With resources tight and specialist expertise at a premium, most organisations need to engage external parties at some point to deliver specific outcomes. But we all know how common it is for IT projects to fall short of expectations or to fail altogether, and things can get very messy when multiple parties are involved. I recently attended an ISACA seminar where Hamish White, an experienced Managing Consultant and Senior Program Manager, shared some practical steps you can take in dealing with technology partners to ensure successful project outcomes.
I was lucky enough to attend Taxonomy Bootcamp in Washington DC in November of this year. Taxonomy Bootcamp is an annual conference for around 200 taxonomists and Information Architects. It was great to be around people who thought what I do for a job is normal!
The changing digital landscape in New Zealand
The digital revolution is fundamentally changing how we operate both socially and commercially. Recent increases in mobile internet connectivity for the average New Zealander has spurred on the shift from a producer centric marketplace, to something much more customer focused.
At the recent Wellington Analytics Forum I had the pleasure of making some opening remarks on behalf of Optimation as the event sponsor. The topic was Analytics in Government and featured James Mansell as the keynote speaker. If you're not familiar with James, you can get an insight into his approach by taking a look at this rather excellent piece of work for the Productivity Commission.
By now, we’re all familiar with the argument that by identifying non-essential services like software development and support, you can make your first steps towards outsourcing IT solutions and IT services. By outsourcing your IT services you can look to reduce costs and improve efficiencies.
When companies first started talking about the cloud revolution and the third platform, the conversation changed from 'technology enabling transformation' to 'technology driving transformation'. But who is right? Do you start with a strategy or with a technology?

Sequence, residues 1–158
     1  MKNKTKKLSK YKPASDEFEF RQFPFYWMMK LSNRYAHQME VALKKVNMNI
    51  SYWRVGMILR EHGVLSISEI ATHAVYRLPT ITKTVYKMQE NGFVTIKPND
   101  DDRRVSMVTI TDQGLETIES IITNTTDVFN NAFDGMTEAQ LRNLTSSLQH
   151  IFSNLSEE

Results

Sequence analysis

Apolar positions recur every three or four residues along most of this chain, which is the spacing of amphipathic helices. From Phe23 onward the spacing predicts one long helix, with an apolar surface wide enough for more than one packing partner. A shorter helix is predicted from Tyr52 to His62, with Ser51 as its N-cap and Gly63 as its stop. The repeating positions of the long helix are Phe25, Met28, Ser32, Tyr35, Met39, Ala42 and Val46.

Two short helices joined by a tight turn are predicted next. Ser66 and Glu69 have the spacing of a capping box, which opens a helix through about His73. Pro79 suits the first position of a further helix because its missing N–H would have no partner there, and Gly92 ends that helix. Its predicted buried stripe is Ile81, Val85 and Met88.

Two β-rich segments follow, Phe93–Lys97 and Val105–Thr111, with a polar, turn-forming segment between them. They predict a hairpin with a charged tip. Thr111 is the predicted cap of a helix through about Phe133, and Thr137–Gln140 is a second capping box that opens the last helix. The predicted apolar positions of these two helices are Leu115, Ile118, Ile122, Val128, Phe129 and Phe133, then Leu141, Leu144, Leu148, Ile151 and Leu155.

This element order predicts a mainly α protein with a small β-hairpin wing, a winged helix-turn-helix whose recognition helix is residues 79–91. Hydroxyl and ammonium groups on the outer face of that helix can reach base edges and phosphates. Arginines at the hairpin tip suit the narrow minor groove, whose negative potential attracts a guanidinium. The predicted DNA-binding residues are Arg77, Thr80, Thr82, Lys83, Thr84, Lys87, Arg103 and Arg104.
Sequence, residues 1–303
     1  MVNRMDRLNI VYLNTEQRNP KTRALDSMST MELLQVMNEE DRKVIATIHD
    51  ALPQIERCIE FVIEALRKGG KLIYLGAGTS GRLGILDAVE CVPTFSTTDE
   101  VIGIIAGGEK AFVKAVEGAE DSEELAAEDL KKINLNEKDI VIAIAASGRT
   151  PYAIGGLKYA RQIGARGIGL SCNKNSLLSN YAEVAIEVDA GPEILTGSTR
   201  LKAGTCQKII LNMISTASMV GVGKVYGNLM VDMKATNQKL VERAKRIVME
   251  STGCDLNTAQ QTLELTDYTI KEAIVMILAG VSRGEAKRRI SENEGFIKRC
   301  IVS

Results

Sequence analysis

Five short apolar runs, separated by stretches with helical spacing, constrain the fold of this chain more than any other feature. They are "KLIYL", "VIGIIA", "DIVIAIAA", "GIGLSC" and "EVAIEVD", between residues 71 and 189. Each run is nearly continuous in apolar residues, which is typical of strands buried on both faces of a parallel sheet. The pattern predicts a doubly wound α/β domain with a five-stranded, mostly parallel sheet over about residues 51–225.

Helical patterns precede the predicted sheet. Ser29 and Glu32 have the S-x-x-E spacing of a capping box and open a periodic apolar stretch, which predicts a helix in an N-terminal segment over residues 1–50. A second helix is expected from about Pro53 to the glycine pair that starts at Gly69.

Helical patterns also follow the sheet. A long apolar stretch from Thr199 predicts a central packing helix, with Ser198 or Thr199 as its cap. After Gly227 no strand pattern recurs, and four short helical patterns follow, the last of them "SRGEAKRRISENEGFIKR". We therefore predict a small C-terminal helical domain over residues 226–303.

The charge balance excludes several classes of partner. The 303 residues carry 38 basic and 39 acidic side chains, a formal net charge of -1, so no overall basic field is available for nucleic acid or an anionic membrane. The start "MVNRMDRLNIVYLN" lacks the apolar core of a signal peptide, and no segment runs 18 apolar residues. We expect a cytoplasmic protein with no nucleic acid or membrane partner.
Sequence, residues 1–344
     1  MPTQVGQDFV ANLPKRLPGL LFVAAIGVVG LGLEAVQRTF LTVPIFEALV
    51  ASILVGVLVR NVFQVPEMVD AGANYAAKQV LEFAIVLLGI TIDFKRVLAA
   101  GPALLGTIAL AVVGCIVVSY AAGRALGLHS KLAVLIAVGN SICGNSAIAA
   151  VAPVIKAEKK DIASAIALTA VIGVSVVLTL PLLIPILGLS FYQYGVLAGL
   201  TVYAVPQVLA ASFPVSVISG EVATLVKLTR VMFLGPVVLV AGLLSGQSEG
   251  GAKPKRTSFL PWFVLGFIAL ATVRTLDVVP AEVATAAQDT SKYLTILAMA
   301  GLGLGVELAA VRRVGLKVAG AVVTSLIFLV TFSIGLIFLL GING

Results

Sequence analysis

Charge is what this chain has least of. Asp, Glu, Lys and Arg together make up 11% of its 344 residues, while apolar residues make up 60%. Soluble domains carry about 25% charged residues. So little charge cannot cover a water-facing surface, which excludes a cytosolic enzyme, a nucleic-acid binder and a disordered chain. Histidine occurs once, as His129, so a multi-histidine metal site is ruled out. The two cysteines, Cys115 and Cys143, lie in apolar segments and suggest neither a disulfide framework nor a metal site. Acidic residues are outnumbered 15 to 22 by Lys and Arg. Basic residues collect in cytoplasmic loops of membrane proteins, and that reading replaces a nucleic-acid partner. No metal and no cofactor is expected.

While information professionals have been designing file plans and thesauri for decades, chances are ontology development will be a new endeavour, created in a digital paradigm to deal primarily with digital content. Before grabbing a tool and collecting every word ever written, here are some key points to think about when developing an ontology:
I wrote in my last blog about why I think a search-driven environment is the way forward for businesses and the wider realm of information management. By moving to a folderless environment we are encouraging a search based system of storage and information management rather than static navigation paths that limit the visibility of connections between knowledge sets. Folderless structures encourage businesses and their employees to think more laterally about the information they’re storing and sharing. One way to support this evolution is through the use of an ontology.
IT solutions come in all shapes and sizes but when you mention ‘folderless content management system’ you’re going to send shivers up a few spines. The familiar structure of folder based storage and navigation mimics the trusty paper based storage systems of years gone past. But we can’t ignore the catchcry of ‘I can never find where my colleagues have saved things’, ‘There is so much junk saved in my team’s folders’, ‘I save things locally because the folder structure is out of date’.